First of all, keep in mind I am not a legal expert on landlord/tenant law. You may have to consult with an experienced attorney if your landlord decides to take “constructive eviction” action such as changing the locks, turning off utilities or leaving the property unsecured. Proper eviction is a lengthy legal process, not generally an immediate “get your property out of my apartment building by the end of the month or I’ll throw it all away” situation. You’re breaking the terms of a lease, and a landlord does have certain rights when it comes to finding new tenants and recovering as much lost revenue as he or she can.
You may want to check your original lease to see if there are any exceptions that would allow you to break the lease early. Some leases specifically allow tenants to break the lease if they become employed a certain distance from the property, often 50 miles or more. In your case, you have little choice but to appear at an immigration facility located out of the country. If the landlord does take you to court over the unpaid rent or the breaking of a lease, you or a legal representative could present your immigration situation as evidence and the judge may decide the landlord cannot legally evict you based on circumstances beyond your control.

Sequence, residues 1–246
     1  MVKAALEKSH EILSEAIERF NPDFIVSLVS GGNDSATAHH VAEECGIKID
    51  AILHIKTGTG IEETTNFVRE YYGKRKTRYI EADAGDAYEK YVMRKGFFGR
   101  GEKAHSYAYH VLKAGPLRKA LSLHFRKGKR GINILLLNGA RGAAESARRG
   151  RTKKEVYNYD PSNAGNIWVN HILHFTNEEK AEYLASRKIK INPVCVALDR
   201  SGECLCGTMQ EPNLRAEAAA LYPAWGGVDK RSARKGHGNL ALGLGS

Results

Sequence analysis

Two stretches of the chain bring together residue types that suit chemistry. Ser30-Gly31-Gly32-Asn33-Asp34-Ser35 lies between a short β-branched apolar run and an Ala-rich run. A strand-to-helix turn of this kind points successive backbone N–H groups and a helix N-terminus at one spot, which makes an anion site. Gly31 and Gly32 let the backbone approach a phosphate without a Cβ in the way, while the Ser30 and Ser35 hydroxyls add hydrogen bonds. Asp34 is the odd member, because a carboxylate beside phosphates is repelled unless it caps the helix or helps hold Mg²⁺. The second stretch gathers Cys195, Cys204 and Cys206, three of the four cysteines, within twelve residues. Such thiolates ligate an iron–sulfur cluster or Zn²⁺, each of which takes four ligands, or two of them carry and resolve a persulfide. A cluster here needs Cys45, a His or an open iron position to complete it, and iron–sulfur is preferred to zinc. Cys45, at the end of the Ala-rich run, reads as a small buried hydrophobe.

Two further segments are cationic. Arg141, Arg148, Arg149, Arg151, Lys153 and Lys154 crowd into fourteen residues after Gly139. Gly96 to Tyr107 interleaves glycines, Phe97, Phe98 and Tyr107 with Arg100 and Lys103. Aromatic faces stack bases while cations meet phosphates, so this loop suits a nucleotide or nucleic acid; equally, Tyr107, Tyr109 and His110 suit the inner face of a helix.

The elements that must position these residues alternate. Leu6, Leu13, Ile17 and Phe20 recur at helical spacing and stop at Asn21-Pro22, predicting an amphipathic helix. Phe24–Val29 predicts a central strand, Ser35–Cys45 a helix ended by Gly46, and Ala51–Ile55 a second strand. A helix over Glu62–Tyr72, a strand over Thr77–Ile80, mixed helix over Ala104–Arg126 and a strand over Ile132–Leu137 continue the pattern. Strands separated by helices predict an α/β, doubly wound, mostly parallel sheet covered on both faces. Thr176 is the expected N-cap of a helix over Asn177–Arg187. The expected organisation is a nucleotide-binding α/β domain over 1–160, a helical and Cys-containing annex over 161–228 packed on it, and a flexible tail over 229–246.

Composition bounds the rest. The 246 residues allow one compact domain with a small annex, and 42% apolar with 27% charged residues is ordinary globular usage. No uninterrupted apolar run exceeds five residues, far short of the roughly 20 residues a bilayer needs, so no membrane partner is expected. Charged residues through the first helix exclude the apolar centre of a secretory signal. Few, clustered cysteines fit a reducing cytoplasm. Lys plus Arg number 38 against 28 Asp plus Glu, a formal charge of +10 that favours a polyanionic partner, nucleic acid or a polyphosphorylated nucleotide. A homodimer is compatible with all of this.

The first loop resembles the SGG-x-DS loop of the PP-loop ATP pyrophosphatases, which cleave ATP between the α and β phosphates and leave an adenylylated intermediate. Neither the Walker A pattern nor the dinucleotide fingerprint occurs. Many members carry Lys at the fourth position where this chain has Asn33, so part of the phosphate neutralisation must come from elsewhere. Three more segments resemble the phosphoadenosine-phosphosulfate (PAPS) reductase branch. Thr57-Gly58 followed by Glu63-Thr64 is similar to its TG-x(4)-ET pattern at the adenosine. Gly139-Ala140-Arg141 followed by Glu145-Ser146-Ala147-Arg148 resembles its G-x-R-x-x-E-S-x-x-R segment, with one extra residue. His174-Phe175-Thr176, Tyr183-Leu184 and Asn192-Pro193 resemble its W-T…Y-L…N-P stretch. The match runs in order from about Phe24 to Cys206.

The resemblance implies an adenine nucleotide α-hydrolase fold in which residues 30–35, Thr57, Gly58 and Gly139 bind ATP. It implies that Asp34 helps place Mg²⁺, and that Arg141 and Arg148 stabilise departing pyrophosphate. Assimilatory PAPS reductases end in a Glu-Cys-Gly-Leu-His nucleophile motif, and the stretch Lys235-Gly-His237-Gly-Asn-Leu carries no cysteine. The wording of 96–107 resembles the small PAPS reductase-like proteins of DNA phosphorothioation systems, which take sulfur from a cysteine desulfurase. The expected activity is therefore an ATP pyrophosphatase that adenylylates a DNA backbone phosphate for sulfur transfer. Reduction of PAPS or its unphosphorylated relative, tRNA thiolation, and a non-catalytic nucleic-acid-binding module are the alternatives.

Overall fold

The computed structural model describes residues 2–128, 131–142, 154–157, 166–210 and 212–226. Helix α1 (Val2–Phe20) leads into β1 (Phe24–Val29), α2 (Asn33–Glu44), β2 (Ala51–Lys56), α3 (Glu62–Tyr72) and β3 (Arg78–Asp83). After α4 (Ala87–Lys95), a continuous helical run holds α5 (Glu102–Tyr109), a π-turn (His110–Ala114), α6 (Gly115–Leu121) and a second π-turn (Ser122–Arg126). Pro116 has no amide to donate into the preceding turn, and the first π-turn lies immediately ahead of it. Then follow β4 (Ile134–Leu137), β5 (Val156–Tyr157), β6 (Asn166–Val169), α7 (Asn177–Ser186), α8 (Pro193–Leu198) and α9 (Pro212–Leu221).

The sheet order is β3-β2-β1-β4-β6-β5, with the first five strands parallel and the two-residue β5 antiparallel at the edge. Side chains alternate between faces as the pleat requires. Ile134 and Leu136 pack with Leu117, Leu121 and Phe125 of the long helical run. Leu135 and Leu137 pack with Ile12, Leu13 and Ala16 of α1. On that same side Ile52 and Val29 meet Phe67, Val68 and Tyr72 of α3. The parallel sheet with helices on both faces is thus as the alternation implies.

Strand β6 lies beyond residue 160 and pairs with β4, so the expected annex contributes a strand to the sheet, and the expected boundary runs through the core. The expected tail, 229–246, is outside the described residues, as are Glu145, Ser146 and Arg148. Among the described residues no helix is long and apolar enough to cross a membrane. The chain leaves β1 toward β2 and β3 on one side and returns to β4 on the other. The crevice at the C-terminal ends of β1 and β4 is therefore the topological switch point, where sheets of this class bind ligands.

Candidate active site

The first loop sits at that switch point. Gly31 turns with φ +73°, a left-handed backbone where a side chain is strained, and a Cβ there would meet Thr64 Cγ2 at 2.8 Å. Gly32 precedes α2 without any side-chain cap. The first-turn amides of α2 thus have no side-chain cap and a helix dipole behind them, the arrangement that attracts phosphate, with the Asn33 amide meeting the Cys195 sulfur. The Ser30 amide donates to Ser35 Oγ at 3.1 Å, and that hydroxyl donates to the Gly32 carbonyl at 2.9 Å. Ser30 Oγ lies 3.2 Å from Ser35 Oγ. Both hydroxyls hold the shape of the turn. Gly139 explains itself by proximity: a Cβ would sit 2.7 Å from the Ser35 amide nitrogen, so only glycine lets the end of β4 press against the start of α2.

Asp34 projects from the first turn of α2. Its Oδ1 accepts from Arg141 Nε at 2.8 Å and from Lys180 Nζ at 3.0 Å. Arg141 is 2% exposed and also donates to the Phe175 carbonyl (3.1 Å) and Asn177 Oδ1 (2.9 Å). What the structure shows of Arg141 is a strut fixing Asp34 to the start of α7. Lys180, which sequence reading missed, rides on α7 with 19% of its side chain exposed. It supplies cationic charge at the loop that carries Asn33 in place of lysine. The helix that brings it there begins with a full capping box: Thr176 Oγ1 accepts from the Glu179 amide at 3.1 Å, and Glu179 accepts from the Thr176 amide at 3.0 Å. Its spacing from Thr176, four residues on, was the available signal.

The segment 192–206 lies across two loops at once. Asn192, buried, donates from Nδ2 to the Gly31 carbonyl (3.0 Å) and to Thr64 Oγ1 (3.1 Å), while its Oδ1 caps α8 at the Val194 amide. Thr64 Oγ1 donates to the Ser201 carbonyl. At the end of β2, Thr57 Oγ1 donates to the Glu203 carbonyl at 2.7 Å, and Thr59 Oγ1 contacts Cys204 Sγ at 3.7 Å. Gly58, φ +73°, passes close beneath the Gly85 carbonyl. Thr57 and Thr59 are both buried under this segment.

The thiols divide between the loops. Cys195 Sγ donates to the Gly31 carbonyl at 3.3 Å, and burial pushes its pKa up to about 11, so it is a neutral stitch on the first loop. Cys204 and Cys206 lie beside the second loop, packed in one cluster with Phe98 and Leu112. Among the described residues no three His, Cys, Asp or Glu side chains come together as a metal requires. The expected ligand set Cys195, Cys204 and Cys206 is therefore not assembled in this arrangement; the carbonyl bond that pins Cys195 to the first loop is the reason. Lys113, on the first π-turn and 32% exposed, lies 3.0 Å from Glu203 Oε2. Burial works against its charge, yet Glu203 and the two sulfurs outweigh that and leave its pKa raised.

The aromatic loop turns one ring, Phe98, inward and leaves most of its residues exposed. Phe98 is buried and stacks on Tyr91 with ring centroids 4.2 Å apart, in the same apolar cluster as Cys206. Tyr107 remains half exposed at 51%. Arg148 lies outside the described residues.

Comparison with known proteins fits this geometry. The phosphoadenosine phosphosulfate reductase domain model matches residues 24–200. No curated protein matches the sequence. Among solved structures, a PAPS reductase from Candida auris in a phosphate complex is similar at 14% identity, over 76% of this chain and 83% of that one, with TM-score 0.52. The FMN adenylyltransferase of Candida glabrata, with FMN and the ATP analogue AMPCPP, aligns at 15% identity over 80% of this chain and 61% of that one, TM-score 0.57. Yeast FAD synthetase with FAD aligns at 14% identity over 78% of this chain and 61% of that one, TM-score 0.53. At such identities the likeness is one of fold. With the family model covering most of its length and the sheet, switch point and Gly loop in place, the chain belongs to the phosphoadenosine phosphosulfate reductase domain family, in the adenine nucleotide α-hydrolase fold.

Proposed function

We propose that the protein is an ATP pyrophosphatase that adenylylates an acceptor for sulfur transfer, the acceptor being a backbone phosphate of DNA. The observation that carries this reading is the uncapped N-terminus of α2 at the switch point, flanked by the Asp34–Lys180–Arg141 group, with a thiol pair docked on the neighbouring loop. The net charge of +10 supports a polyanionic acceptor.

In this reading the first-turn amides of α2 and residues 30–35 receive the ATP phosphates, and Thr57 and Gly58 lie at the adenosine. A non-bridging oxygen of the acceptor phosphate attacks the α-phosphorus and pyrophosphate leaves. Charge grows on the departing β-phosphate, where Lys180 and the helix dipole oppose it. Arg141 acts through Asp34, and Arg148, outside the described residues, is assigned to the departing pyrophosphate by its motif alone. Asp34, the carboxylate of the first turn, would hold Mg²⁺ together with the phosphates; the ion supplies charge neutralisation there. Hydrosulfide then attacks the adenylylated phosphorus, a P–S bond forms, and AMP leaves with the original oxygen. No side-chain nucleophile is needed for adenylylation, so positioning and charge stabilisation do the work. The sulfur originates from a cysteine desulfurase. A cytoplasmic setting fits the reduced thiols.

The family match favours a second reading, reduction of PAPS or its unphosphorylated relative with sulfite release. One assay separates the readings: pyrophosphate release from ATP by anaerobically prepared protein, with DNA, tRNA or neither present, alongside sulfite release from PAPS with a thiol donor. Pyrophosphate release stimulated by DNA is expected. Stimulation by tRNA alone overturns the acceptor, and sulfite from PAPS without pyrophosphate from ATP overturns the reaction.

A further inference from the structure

Of course, there is also the possibility that the judge may find in favor of the landlord based on a strict interpretation of the lease agreement, but the solution may be financial, not a forced and immediate eviction. Generally, tenants have three months or so from the beginning of the eviction process to mount a defense for court or pack up their belongings and vacate the premises voluntarily.